“As it has been said before, time can be used constructively or destructively. Human progress rarely rolls on inevitability. It is through dedication and effort that we move forward. When we fall asleep at the wheel, what has to happen is that tide becomes an ally of those who seek stagnation. We regress.
“It is the custodians of the status quo keeping the existing order a live. To see a real progress, we must seek it out.
“I am cognisant of all the women who continue to live in silence. The women who are faceless. The women who don’t have the mobility, the confidence, or the financial means to share their truth. Those who don’t see their images and stories reflected in their media, those who are sadly no longer with us. Those who have lost their sense of self-worth and are unable to break the silence, all of which is rooted in the shame and stigma of sexual assault.
“One out of every five women in Australia will be sexually assaulted or raped in their lifetime, if you are a woman of colour the statistics are even higher.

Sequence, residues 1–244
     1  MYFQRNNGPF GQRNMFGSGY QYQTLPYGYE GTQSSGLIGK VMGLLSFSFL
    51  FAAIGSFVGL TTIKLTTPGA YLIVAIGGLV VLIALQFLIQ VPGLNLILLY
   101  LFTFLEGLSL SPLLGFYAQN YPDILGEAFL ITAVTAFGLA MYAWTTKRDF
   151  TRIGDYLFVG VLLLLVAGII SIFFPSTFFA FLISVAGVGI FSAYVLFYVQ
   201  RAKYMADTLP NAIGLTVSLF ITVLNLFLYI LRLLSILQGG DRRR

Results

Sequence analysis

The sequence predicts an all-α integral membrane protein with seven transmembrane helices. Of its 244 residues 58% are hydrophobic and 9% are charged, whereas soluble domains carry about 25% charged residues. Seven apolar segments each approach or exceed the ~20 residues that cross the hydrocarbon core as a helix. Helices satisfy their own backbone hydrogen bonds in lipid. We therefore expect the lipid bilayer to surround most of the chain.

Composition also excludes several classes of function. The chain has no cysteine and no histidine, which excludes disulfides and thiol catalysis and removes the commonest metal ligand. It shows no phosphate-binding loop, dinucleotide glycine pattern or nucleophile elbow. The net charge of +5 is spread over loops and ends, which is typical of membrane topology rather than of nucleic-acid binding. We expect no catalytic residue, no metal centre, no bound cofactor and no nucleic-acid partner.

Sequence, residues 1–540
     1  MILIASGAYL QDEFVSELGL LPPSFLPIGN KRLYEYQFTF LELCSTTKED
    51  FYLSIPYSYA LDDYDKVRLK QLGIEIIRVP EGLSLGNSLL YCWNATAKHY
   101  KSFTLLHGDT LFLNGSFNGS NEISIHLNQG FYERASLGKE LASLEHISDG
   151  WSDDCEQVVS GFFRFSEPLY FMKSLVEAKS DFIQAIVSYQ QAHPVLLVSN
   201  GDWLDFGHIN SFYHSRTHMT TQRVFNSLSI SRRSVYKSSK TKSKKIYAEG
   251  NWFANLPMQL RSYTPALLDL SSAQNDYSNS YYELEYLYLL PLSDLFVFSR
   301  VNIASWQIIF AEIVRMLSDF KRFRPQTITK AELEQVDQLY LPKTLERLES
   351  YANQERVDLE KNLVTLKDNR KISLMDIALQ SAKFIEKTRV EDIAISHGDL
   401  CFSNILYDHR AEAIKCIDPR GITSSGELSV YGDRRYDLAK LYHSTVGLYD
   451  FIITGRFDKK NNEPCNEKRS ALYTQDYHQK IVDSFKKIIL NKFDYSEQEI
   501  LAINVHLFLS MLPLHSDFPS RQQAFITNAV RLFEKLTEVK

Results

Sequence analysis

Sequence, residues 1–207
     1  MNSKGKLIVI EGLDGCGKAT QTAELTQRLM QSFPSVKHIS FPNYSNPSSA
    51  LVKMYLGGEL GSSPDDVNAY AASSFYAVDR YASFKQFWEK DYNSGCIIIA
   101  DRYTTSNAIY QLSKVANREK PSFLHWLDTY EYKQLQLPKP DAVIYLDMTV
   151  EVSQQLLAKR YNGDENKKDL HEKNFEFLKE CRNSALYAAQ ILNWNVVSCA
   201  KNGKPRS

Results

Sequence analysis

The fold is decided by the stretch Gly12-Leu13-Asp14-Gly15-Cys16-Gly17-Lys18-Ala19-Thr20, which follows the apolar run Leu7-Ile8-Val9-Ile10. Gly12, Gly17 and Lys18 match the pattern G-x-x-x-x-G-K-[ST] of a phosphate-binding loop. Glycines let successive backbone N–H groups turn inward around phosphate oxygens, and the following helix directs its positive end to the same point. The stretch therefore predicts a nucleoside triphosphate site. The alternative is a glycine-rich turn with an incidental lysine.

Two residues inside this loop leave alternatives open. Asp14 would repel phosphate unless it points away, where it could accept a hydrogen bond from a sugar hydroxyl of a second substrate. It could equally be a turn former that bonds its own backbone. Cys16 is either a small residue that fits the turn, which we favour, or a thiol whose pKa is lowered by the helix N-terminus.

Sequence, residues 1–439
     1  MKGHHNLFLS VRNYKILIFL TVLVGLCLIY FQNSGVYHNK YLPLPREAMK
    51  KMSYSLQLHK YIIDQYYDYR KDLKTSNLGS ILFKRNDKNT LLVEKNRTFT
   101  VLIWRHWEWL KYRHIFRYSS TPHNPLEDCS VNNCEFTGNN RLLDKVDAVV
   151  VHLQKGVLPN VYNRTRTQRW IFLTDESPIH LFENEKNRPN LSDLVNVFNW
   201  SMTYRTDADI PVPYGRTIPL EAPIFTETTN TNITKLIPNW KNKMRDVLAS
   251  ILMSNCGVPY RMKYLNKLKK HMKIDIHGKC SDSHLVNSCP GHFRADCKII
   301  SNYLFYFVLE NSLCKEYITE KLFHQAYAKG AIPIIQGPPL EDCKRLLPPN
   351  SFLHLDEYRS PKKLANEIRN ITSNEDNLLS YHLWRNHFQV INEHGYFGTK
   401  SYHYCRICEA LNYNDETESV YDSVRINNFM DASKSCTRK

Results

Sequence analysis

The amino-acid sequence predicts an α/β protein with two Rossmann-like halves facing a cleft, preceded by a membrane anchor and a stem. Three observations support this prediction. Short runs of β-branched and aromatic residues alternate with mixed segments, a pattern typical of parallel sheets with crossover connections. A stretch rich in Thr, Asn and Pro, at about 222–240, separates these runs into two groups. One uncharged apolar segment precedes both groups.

“Thanks to Chanel Contos when our know [widespread this] sort of behaviour is our school. There is a confronting sense of finality about sexual violence in our community.
“I was raped inside Parliament House by a colleague, and for so long it felt like the people around me neither cared because of what happened for what it might mean for them. It was so confusing because these people were my idols. I had dedicated my life to them. They were my social network, colleagues, and my family. And suddenly they treated me differently.
“I was not a person who had just gone through a lot of changes event, I was a political problem. Amanda Vanstone, a former Liberal minister, summed it up the other day: If there was a young girl alleging she had been raped in a different office, would it be on the front page? No it would not.
“I think Miss Vanstone is missing the point. There is a horrible societal acceptance of sexual violence experienced by women in Australia. My story was on the front page for the sole reason that it was a painful reminder to women that it can happen in Parliament House, and can truly happen anywhere.
“These past few weeks on a personal level have been extremely difficult. Like many of you I have watched this all play out in the media. I watched it happen from a laptop in a spare bedroom in my dad’s apartment on the Gold Coast.